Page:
“Is this little red car for you?” asks the shuttle bus driver for the long-term parking at Austin-Bergstrom airport.
Audi was kind enough to leave me the keys to a 2017 R8 V10 plus for the week. I opened the front luggage compartment and crossed my fingers that my suitcase would fit. Voila! It fit perfectly. The week was already off to a great start.
After a quick inspection and taking a moment. I opened the door and got situated in the racing shell seats. The hard-shell seats are a bit tight with their fixed bolster, fixed recline and seat bottom with limited up and down adjustments only. However, the seating position was perfect for me, especially when enjoying the capabilities of the R8. You can also option the Sport front seats, which, ironically, are a bit less aggressive. The Sport front seats offer the typical Audi level of adjustment and are incredibly comfortable.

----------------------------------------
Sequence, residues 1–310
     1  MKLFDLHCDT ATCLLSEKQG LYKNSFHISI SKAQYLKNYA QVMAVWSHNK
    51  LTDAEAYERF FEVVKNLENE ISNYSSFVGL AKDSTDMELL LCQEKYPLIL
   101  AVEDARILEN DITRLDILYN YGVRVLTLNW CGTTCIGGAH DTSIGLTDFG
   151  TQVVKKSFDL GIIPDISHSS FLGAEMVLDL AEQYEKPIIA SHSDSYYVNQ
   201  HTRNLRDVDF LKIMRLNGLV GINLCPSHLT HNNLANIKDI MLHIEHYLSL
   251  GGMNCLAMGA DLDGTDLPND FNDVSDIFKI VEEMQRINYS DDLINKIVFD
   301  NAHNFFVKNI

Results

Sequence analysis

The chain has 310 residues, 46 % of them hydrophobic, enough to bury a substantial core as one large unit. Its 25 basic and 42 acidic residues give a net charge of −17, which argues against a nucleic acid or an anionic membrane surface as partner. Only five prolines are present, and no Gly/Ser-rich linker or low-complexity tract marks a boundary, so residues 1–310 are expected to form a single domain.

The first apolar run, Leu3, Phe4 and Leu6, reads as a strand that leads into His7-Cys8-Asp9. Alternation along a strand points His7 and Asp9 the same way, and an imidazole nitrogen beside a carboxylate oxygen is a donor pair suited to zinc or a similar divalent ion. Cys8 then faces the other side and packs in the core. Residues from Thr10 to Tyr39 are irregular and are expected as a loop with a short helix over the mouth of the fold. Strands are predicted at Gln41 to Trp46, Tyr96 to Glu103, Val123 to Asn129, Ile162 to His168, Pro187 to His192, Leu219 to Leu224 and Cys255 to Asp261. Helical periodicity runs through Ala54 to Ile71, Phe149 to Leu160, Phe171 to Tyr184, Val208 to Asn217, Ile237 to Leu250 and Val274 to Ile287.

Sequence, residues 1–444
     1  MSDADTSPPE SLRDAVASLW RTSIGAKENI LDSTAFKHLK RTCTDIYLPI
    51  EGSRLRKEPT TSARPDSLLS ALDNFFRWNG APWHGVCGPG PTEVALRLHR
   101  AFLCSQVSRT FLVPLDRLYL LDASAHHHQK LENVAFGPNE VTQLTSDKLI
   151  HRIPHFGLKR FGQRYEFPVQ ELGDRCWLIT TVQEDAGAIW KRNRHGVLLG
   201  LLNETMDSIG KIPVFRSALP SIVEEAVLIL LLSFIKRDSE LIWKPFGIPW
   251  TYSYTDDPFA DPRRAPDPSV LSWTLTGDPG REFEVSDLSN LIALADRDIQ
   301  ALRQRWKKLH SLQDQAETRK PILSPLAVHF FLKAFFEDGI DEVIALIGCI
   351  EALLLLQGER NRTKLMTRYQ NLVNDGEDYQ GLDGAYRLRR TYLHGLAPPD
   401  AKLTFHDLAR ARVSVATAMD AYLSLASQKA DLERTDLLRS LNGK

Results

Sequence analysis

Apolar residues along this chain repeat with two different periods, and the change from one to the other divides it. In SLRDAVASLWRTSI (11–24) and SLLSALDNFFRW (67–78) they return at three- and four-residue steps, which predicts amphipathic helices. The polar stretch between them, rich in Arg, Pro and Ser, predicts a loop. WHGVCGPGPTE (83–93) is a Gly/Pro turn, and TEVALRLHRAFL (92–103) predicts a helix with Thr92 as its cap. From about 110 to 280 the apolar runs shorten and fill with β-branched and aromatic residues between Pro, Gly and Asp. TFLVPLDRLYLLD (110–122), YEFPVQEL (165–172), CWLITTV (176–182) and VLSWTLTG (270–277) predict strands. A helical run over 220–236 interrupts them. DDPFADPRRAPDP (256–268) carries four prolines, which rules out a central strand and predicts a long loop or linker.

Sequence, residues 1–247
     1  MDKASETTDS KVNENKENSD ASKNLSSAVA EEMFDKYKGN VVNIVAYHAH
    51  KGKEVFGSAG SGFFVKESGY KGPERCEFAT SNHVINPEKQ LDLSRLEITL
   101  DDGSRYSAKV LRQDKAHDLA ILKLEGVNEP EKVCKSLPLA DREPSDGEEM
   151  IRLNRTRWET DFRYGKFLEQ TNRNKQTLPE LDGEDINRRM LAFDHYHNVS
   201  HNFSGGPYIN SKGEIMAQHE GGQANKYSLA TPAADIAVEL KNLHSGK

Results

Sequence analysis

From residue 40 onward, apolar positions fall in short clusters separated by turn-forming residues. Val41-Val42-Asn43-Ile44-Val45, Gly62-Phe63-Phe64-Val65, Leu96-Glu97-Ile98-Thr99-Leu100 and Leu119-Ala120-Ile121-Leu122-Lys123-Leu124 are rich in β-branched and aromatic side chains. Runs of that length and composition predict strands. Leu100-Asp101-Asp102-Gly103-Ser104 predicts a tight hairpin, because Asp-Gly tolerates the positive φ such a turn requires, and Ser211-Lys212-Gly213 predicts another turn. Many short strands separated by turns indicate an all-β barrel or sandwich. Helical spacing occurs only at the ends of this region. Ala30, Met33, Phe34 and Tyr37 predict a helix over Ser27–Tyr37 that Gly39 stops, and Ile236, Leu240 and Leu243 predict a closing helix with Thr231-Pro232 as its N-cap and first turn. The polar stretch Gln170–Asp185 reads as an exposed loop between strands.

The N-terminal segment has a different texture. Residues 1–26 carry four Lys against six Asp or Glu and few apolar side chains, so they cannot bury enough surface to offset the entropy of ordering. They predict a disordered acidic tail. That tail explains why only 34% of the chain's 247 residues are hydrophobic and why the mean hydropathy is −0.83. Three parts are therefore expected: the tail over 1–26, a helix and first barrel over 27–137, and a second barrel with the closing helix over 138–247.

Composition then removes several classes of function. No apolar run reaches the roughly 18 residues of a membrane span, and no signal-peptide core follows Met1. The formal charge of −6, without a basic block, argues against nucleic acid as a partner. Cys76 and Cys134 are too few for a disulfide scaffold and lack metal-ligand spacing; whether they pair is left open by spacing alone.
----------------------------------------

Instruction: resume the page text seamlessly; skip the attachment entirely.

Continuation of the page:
Finally, it was time to start her up. With my foot on the brake, I pressed the bright red start button on the steering wheel, and the cold 5.2-liter V10 came to life with an incredible growl. Audi uses the same high-revving V10 engine in both the street car and race car with very slight modifications. Audi Sport says that typically they only need to rebuild the engine every 20,000 Kilometers (12,400 miles) which is incredibly impressive considering that these engines will sometimes run multiple 12-hour and 24-hour races at nearly full throttle for the duration of the race before the rebuild is neccessary.